Few studies have been published on the prevalence of smoking among healthcare workers and smoking triggers. This study sought to determine smoking prevalence and identify factors associated with the initiation of smoking.
The pre-designed questionnaire in this cross-sectional study on healthcare workers at Prince Mohammed bin Abdulaziz Hospital in Riyadh, Saudi Arabia included items on demographics, smoking habits and smoking history, factors associated with smoking, and beliefs about smoking.
The study sample comprised 343 healthcare workers, of whom 117 (34.1%) were current and past smokers. The most common reason for smoking was stress relief (n = 78, 22.7%). In the 12 months before the survey, 48 respondents (14.0%) tried to quit smoking. Ninety-two (26.8%) stated that their workplace forbids smoking; however, 95 (27.7%) would smoke in the gardens and 59 (17.2%), in smoking-designated areas. Around half of the respondents (n = 161, 46.9%) said their co-workers also smoke. Smoking was significantly correlated with male gender, tight work schedules, obesity, high monthly income, and co-workers who also smoked.
More than One-third of our surveyed healthcare professionals smoke. Tendency to smoke is higher among workers who have tight work schedules and co-workers who also smoke. Smoking policies and strict no smoking rules are failing to deter individuals from smoking.
Healthcare workers, Prevalence, Smoking, Tobacco products, Saudi Arabia
Tobacco smoking is a major public health concern. The global smoking prevalence is about 12%, which translates into over one billion tobacco smokers . The annual worldwide mortality rate secondary to tobacco smoking was projected to reach 7 million by 2030, and rates can be higher in low- and middle-income countries . Smoking prevalence in Middle Eastern and African countries is increasing . In Saudi Arabia, the prevalence ranges from 2.4% to 52.3%, depending on region .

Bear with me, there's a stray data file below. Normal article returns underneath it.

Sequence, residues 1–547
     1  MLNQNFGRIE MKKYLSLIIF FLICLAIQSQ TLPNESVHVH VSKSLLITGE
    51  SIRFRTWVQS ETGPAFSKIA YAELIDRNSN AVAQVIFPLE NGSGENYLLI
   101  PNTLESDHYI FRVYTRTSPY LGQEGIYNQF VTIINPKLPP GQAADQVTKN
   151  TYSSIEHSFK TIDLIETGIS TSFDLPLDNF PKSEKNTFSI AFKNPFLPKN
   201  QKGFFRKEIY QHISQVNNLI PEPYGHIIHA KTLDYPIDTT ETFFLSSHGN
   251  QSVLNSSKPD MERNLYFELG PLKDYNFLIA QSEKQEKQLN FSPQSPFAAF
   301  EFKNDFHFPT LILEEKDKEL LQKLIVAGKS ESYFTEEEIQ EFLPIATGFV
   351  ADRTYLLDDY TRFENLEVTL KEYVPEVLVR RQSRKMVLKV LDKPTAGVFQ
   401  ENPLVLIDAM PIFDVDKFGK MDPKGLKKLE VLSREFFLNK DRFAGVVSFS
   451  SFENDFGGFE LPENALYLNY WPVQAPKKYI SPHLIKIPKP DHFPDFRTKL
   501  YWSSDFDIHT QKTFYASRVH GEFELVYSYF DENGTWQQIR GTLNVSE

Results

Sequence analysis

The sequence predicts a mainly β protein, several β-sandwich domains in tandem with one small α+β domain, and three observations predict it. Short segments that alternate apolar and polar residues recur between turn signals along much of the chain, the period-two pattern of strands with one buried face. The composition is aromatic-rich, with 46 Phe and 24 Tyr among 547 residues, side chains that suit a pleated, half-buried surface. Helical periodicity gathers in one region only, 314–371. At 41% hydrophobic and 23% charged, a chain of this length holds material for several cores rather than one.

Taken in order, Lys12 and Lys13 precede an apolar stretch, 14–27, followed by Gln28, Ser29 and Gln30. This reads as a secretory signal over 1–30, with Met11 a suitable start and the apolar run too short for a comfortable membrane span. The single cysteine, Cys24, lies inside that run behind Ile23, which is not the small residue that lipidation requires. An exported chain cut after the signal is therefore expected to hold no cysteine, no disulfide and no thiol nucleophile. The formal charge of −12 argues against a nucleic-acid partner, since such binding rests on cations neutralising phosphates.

Although conventional cigarettes remained the most common form of tobacco smoking, prevalence of waterpipe smoking (hookah, hubbly-bubbly, and narghile smoking) has increased in the past decade [4-6]. Electronic cigarettes (e-cigarettes or vapes), which are battery-powered devices that convert nicotine into vapor, have become increasingly common and popular among youth [7-9]. Studies have reported varying prevalence's of waterpipe smoking: 4%-12% in the Arab Gulf region, 6% in Pakistan, 9%-12% in Syria, and 11% in Australia [10,11].
The prevalence of e-cigarettes has risen in many countries; a study conducted among 27,460 Europeans from 28 countries in 2014 reported a prevalence of 31.1% [12-14]. In 2014, a survey including 480 university students in Riyadh city showed that 51.1% of smokers were e-cigarette users [15,16].
Studies on tobacco smoking among healthcare professionals in Saudi Arabia found prevalence's of 14.8%-25.3%, with hospital medical residents having the highest prevalence (25.3%), followed by primary health care physicians (20.5%), and medical consultants (18.6%); and higher among males than females (19.3% versus 9.4%) . Few studies, however, address the safety of e-cigarettes and their effectiveness as a smoking cessation aid [18,19]. Limited studies identified potential risk factors for tobacco smoking among healthcare workers including age, gender, nationality, level of education, place of work, place of birth, and parental smoking [17-29].